The IAAF will seek a “swift reversion” of the court order that is set to temporarily allow Caster Semenya to compete without restrictions.
Tuesday’s intervention by the IAAF, the governing body of world athletics, came in the wake of a ruling by the Swiss Federal Supreme Court (SFT) that was sought by the South African track star.
The two-time Olympic 800 metres champion is challenging the IAAF’s decision to impose restrictions on testosterone levels in female athletes competing at distances ranging from 400m to one mile.
Semenya may need to take hormone-suppressing medication, which she argues contravenes her human rights, if she loses her appeal and wishes to stay in athletics.
She is challenging a Court of Arbitration for Sport (CAS) ruling that supported the IAAF’s action. The IAAF has been given until June 25 to respond to her appeal.
The IAAF said Monday’s Swiss ruling had been issued without its knowledge.
It said its experts were not given an opportunity to explain why rules surrounding athletes with disorders/differences of sex development (DSD) “should remain in place and applicable to all affected athletes while the appeal is pending”.
Semenya, 28, has asked the SFT to set aside the decision in its entirety, however the IAAF appears unwilling to back down in any capacity.
In a statement, it said: “The IAAF fully respects each individual’s personal dignity and supports the social movement to have people accepted in society based on their chosen legal sex and/or gender identity.
“However, the IAAF is convinced there are some contexts, sport being one of them, where biology has to trump identity.
“The IAAF also believes the right to participate in sport does not translate to a right to self-identify into a competition category or an event, or to insist on inclusion in a preferred event, or to win in a particular event, without regard to the legitimate rules of the sport or the criteria for entry.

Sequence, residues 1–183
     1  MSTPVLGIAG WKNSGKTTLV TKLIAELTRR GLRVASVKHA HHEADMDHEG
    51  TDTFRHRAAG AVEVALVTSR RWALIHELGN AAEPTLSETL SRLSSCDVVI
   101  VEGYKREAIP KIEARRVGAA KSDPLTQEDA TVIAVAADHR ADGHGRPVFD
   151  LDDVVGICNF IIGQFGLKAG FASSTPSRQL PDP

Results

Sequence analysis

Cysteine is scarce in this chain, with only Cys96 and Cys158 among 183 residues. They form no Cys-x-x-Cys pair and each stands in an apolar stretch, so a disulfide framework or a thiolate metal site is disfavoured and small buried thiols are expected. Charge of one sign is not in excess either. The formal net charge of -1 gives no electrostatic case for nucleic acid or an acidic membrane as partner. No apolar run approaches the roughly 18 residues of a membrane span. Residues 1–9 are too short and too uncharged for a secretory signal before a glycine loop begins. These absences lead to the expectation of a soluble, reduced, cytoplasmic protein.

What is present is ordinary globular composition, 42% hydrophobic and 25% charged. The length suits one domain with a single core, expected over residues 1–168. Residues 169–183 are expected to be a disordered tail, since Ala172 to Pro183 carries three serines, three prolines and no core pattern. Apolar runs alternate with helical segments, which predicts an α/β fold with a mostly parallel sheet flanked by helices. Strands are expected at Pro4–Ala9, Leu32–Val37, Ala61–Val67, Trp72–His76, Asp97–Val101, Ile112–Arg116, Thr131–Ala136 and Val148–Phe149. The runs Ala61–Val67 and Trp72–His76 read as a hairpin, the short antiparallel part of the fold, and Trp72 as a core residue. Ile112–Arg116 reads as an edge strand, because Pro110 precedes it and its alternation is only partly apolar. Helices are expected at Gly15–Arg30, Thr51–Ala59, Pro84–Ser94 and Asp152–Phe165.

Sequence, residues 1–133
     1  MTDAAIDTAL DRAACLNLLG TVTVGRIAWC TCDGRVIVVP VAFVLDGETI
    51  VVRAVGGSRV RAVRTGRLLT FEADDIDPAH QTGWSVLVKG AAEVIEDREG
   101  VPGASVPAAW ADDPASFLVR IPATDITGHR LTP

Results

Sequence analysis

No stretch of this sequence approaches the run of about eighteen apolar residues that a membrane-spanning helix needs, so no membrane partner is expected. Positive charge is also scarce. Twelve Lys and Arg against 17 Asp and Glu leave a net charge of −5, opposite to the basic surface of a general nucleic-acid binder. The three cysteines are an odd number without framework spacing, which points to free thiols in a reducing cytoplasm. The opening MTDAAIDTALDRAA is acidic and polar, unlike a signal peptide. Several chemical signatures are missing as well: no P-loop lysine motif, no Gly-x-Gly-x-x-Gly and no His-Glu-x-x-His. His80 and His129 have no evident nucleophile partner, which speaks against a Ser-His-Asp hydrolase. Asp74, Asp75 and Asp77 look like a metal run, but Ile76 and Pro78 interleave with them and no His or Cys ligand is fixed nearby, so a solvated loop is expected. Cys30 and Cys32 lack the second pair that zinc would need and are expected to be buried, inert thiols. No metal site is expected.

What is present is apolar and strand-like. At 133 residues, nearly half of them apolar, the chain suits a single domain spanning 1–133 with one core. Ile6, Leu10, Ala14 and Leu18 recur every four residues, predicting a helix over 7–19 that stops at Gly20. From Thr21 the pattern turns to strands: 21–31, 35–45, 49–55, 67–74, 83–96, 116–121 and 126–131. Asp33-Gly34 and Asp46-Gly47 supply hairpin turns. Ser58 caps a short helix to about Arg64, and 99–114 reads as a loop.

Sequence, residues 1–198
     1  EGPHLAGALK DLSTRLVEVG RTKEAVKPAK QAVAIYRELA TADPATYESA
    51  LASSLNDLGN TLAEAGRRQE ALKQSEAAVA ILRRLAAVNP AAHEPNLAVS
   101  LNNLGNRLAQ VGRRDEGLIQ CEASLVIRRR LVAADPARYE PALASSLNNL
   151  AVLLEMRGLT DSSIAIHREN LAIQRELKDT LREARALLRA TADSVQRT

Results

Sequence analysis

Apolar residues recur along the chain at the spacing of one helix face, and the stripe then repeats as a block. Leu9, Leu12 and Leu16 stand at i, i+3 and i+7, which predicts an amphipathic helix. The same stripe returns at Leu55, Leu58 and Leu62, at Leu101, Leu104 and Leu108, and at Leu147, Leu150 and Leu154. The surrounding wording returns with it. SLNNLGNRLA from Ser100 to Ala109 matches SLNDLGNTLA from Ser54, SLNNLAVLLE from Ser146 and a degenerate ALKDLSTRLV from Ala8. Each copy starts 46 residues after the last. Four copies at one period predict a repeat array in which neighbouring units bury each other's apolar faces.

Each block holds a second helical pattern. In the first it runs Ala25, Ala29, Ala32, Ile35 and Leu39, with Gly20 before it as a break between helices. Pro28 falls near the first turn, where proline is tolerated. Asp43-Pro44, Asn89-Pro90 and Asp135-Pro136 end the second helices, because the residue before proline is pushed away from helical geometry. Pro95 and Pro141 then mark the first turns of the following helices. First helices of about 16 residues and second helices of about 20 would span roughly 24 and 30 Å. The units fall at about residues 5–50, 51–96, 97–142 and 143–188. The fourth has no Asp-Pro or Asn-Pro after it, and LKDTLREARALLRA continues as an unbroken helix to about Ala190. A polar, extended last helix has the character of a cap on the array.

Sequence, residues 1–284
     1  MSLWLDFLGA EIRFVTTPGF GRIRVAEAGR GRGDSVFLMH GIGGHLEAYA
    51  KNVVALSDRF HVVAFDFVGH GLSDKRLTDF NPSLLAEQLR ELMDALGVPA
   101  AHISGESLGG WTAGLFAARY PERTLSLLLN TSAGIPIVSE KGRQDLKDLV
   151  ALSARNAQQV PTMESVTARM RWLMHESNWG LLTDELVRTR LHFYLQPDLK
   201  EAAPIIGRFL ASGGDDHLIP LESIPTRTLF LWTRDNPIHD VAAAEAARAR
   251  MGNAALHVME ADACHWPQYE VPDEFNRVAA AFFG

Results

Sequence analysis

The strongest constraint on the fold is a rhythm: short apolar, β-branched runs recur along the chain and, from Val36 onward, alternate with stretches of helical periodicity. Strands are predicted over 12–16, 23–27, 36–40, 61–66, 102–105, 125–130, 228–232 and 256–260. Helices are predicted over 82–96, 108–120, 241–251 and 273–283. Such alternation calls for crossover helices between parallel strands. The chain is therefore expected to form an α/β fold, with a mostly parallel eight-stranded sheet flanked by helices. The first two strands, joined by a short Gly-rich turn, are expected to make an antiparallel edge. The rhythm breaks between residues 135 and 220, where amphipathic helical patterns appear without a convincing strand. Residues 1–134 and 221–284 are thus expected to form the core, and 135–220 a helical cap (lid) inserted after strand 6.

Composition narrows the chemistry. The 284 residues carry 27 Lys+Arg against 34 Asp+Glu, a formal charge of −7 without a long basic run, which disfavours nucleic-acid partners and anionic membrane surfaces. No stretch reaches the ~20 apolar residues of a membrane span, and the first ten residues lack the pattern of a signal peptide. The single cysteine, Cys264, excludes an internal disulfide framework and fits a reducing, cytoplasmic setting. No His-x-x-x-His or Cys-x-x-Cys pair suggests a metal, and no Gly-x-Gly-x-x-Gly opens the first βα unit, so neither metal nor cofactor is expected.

“The IAAF will seek a swift reversion of the superprovisional order moving forwards so that the DSD regulations apply to all affected athletes in order (among other things) to avoid serious confusion amongst athletes and event organisers and to protect the integrity of the sport.
“In due course, the IAAF will defend its DSD regulations and the CAS award in the appeal proceedings before the SFT.”
Semenya, who ruled out retiring after winning the 800m at the Diamond League event in Doha last month, two days after the CAS ruling was announced, welcomed the Swiss court’s declaration on Monday.
She said: “I hope that following my appeal I will once again be able to run free.”
Dorothee Schramm, Swiss counsel for Semenya, said on Monday: “This is an important case that will have fundamental implications for the human rights of female athletes.”
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